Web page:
Thursday Thinkers – Getting students to develop great questions

In order for students to practise their oral language skills and engage in higher order thinking, I have gotten them to participate in something called Thursday Thinkers (based on Rebecca Davies’ creation that goes by the same name, see here). Rebecca’s post got me thinking about how I could support my early years students (Year 2) to develop more complex questions and answers to events and things in our every day lives.

Thursday Thinkers in my classroom is a half hour session with the whole class where students have to come up with their own questions and answers to a particular topic.

Initially when my students were first asked to think about questions they have about a book or video, they would simply use the stock standard ‘who, what, where’ question stems. However, I soon saw a dramatic change after I used the Harvard Visible Thinking Question Starts  in conjunction with watching a video on Behind the News. I specifically chose videos that had some relevance for my students, for example some of them recently bought a labrador and as a class, we watched the video on Guide Dogs.

After watching the 3-4 minute video, I showed my students the Question Starts:

Why…?
How would it be different if…?
What are the reasons…?
Suppose that…?
What if…?
What if we knew…?
What is the purpose of…?
What would change if…?

I modelled how to come up with a question using the question starts. Students then came up with their own and each session we picked one to answer as a class or in groups. Some of the questions we came up with after watching the guide dogs video were:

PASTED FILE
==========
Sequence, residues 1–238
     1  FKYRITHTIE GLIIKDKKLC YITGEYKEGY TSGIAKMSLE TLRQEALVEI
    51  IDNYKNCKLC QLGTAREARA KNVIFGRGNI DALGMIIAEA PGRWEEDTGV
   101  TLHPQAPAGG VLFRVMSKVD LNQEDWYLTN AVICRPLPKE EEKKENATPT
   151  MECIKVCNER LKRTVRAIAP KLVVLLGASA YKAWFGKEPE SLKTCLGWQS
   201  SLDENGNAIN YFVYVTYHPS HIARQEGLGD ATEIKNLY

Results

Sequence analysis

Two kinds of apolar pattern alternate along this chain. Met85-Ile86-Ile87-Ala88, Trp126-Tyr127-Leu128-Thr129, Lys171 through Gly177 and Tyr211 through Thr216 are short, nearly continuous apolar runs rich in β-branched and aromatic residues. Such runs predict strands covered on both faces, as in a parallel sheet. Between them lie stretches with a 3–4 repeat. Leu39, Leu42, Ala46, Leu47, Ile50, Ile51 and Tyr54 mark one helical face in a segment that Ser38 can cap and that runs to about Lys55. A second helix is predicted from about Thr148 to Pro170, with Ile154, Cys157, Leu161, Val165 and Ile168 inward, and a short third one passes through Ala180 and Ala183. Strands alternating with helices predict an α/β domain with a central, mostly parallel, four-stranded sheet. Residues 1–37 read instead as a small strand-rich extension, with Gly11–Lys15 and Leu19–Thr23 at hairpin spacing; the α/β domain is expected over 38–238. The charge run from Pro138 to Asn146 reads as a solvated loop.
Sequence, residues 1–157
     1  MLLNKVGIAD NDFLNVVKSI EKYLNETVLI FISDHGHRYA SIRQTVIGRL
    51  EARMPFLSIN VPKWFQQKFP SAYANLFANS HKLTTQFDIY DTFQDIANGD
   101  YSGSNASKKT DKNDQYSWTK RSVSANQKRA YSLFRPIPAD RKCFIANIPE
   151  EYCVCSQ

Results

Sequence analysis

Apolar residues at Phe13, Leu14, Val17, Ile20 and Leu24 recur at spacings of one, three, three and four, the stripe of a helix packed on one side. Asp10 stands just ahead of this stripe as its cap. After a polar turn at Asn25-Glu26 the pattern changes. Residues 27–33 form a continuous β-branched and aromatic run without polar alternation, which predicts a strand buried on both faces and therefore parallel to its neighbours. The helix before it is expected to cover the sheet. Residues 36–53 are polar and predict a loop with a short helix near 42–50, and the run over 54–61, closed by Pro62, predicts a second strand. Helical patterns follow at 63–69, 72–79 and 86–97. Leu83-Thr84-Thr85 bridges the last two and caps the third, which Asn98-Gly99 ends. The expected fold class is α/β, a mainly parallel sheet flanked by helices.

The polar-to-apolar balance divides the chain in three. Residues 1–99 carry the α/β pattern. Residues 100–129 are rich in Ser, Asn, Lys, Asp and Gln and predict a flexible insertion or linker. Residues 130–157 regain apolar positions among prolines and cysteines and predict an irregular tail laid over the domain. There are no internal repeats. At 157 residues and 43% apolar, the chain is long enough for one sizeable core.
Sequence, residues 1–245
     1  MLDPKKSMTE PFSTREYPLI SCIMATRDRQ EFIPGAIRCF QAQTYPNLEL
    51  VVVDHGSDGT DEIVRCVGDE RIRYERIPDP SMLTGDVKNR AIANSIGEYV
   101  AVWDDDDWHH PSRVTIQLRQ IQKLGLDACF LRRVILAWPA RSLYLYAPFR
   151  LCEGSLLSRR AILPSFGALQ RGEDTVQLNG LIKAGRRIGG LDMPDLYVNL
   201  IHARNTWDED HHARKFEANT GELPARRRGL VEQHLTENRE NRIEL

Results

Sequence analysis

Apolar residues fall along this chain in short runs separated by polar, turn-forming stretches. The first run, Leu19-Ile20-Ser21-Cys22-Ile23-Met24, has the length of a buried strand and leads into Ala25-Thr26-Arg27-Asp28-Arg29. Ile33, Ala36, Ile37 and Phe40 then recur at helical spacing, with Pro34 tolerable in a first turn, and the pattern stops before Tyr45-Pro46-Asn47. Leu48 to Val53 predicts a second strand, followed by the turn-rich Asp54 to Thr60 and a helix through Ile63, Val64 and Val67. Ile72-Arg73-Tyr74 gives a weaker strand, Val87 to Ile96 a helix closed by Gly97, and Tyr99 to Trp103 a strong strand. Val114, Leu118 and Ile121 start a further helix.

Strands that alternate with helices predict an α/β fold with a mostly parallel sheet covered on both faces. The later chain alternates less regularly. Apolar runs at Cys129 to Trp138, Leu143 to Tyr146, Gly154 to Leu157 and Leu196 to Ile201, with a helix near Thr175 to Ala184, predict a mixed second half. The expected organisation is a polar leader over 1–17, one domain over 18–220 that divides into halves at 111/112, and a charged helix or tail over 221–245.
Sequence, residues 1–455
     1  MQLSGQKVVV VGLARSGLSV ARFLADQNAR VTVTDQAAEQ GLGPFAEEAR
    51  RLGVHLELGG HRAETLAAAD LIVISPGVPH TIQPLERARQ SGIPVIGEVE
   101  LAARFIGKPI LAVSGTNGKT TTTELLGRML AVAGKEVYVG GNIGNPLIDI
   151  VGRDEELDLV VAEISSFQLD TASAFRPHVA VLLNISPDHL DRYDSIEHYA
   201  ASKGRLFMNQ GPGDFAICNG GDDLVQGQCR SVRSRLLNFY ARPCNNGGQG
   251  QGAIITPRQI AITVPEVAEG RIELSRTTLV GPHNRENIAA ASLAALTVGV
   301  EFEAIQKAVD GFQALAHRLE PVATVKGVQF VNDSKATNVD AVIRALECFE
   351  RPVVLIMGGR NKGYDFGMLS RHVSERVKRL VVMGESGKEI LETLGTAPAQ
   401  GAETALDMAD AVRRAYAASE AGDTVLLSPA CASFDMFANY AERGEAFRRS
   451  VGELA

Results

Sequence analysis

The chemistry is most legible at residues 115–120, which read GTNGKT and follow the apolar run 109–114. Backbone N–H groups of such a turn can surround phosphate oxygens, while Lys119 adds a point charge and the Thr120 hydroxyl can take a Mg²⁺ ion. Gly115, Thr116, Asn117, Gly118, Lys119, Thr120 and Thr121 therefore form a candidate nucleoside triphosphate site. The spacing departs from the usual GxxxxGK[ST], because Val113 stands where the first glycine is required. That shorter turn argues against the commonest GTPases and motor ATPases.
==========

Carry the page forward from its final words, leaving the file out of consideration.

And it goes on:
• What if everyone in the world were blind?
  • What if there were no guide dogs?

After implementing these thinking sessions over numerous weeks, the students became more independent when asking questions and the increasing complexity of their questions really surprised me. It is also wonderful to see how they are starting to apply this way of questioning to other parts of the curriculum. I am now keen to try some other visible thinking routines to use with my students such as Tug of War in preparation for their persuasive writing.

Photo credit: Woof via openclipart.org

Have you used any other visible thinking tools? How have you developed your students’ thinking? 

Explain Everything v Thinglink

ThinglinkExplain Everything

For many projects and assignments, I have often used the iPad app Explain Everything for Year 1 and 2 students to share their thinking. I have used Explain Everything for students to explain the features of 3D shapes and how they have worked out particular maths strategies. Thinglink has been used for students to review books they like or to make a quick comment about an image. After students make these projects, we share their work on the interactive whiteboard. It’s a real thrill for students to see their work displayed for the whole class to see.

Pros of Explain Everything:

  • Pictures, photos, text, symbols (arrows, etc) and videos can be inserted.
  • Students can draw pictures using the tools.
  • Students can record their voice.
  • The final Explain Everything project can be copied to the photo roll of the iPad, and then played on an ordinary computer.

Cons of Explain Everything:

  • It is not that intuitive and not simple to use (for year 1 and 2 students at least). Students need to be explicitly taught what each symbol (i.e. the + one for new slide) means, how to insert a picture or take a picture and so on. Inserting arrows and different coloured text needs some playing around with.
  • I am still not sure how students do this, but sometimes when students draw a picture and then record their voice explaining the image, the picture somehow disappears until the very end of the video.

I recently discovered a great app called Thinglink. This is also an app where students can share their thinking.

Pros of Thinglink:

  • Pictures, photos, text and videos can be inserted.
  • Students can make a video.
  • The final Thinglink can be embedded into a blog.
  • It is intuitive and very easy to students to learn how to use.

Cons of Thinglink:

  • The final Thinglink cannot be saved onto the camera roll.
  • Students can’t draw pictures.
  • Internet connection is required for work to be displayed.

Overall, I feel that if I want students to make a book response or project that doesn’t require it to be saved onto the camera roll, Thinglink will be my preference.

How do you feel about using Explain Everything and Thinglink? Which one do you prefer students to use and why?